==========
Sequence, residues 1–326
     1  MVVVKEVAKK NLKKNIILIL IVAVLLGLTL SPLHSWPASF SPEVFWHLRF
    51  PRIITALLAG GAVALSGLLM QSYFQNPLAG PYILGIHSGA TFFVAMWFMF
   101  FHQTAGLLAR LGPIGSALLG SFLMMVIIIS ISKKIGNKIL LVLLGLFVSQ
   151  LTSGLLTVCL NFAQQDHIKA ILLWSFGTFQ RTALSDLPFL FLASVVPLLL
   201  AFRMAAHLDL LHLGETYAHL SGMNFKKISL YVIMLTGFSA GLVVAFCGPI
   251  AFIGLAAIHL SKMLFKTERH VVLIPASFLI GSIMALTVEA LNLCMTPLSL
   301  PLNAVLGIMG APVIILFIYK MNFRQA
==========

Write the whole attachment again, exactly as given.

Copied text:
Sequence, residues 1–326
     1  MVVVKEVAKK NLKKNIILIL IVAVLLGLTL SPLHSWPASF SPEVFWHLRF
    51  PRIITALLAG GAVALSGLLM QSYFQNPLAG PYILGIHSGA TFFVAMWFMF
   101  FHQTAGLLAR LGPIGSALLG SFLMMVIIIS ISKKIGNKIL LVLLGLFVSQ
   151  LTSGLLTVCL NFAQQDHIKA ILLWSFGTFQ RTALSDLPFL FLASVVPLLL
   201  AFRMAAHLDL LHLGETYAHL SGMNFKKISL YVIMLTGFSA GLVVAFCGPI
   251  AFIGLAAIHL SKMLFKTERH VVLIPASFLI GSIMALTVEA LNLCMTPLSL
   301  PLNAVLGIMG APVIILFIYK MNFRQA